Finally- I took the time to try making this wonderful layered dessert from the Czech Republic. I had the most amazing piece of this dessert with my friend Angie on a terrace overlooking the city of Prague and decided then and there that I had to try making it. There are many recipes online for this cake and I think I read through them all- trying to pick one that I thought might duplicate the wonderful dessert I tried in Prague. The one I chose was from en.ptitchef.com and since I made quite a few changes to it, this recipe is mostly original.
For cake layers:
- 1cup of butter or margarine
- 3 eggs
- 1 1/2c. sugar
- 3 T. (dark!) honey
- 1 T. baking soda
- 3 c. flour
- 1 can sweetened condensed milk
- 1c. finely chopped walnuts (I used pecans- I like them better!)
- 2T. flour
- 1/2c. milk
- 1/4c. Crisco
- 1/4 c. butter or margarine
- 3/4c. sugar
- 1/2t. vanilla
- pinch of salt
- Preheat oven to 350 degrees
- Melt butter completely in microwave or over stove.
- Whisk in eggs
- Gradually add sugar, honey, baking soda and flour, mix until smooth.
- Place sheets of parchment paper on baking sheets and trace circle around a cake pan (I used 8 inch and fit two per baking sheet)
- Spoon batter into each circle and spread out thin until circle is filled- like a giant pancake- PAST the lines you traced.
- Bake for 7-10 minutes until golden brown. Watch it closely as it goes from uncooked to golden very quickly.
- Slide layers off sheet by pulling parchment paper onto a cool counter and allow layers to cool.
- Repeat this until you have 6 layers.
- Using a cake pan, cut each layer into a circle and pull away excess cake from edges (save this in a separate bowl). Gently peel away parchment paper from bottom of each layer as you assemble the cake.
- Put excess cake edges into a food processor and chop into fine crumbs.
- Combine sweetened condensed milk with finely chopped nuts (this is your 1st filling)
- Cook 2T. flour and 1/2 c. milk together over stovetop until thick and smooth. Cool completely. Add Crisco, butter, sugar, vanilla and salt and whip this together until light and fluffy. (this is your second filling)
- Place one layer of cake on a serving plate.
- Top with cream filling and spread to edges.
- Place another layer of cake on top of cream filling.
- Top with sweetened condensed milk/nut layer and spread to edges.
- Repeat this until all cake layers are used. You should use all of cream filling and about 1/2 of condensed milk filling.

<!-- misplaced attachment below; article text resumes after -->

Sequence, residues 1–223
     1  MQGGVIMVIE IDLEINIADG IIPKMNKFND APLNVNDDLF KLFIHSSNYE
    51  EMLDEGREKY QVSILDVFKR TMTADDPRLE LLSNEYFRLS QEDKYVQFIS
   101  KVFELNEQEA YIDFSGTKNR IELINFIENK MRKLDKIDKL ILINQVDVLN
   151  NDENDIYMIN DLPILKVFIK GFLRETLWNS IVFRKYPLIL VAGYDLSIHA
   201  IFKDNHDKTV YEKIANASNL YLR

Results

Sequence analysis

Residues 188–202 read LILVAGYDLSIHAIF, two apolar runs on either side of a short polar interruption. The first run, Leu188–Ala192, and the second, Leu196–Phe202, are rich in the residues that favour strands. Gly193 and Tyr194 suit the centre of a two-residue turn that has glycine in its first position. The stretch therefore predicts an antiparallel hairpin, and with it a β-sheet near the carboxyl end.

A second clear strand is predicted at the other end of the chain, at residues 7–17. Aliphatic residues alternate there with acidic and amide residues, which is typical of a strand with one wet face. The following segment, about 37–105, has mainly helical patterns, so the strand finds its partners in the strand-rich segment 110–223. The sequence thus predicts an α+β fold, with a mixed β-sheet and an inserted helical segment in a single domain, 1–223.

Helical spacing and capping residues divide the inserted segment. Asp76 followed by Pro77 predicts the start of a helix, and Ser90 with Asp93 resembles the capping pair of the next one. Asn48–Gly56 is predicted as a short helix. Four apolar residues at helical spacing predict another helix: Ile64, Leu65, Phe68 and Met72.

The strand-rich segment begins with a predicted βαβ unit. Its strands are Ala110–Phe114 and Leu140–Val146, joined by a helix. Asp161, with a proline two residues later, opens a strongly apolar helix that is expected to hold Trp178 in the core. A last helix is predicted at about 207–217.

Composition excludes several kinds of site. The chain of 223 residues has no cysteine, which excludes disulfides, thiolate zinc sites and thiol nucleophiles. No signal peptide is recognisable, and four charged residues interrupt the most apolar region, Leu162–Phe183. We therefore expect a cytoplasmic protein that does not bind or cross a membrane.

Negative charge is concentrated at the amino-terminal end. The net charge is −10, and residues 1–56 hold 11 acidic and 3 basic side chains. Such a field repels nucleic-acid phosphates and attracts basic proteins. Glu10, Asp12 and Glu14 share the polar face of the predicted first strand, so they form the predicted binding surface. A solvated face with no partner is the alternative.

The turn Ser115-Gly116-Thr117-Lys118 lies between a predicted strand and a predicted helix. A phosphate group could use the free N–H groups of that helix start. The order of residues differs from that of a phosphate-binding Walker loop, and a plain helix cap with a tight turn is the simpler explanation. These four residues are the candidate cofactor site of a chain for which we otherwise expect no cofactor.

- Spread remaining condensed milk/nut filling over top and sides of cake.
- Press chopped cake crumbs into top and sides of cake.
- Refrigerate and serve!
Amazing! Was the cream in the Prague cake like the cream in a Boston Cream Pie? It looks similar in color.
Thanks Sarah- no, it was fluffier than Boston cream pie….?
This is just amazing! You did a wonderful version. I just stared at the nut crust for a bit. Probably not what it’s called, but you know….
It is actually not nuts- its the crushed bits of extra cake– I think it looks like nuts too- my food processor didn’t do a very good job of chopping these up fine 🙂 -and thank you 🙂
Oh my goodness. I’ve been browsing all your posts today after making the Chocolate-Covered Strawberry Cheesecake, and now that I see THIS, I know I’ve kept scrolling for a reason.
Honey cake is one of my favorite desserts (and best memories from Prague) and I’ve been looking for a manageable recipe to try. Looks beautiful, like all your work. I’ll definitely be giving this a shot soon!
Hi Laurel! Fun to meet a fellow Medovnik fan! I feel like this recipe is pretty good…but its just SO good in Prague that it is had to duplicate….I’m going back this summer and I’m going to have to “sample” as many pieces as I can!!! Nice to meet you 🙂
The cream of the honey cake is mostly sour cream and whipped cream with some condensed milk. The sour cream combined with whipped cream makes the filling a little thicker, giving the cake the fuller taste. My mom and I make the medovnik cakes as an easy cake to take somewhere, but it does require time on your hands. 🙂 I’m glad people appreciate the different cultures and like to make different food. The medovnik originally originated in Russia but it was spread to many different places:) I LOVE this cake!!:D
Oh THANK you! I’ve been wondering since last summer– I will have to try experimenting with a better filling!!!
Hello Olga, What is the recipe for the filling you make. Would like to make as authentic as possible. My mom has since passed away and never got the recipe. Thank you!
ahhh good to see others loving the honey cake. we live in germany, and love to go over to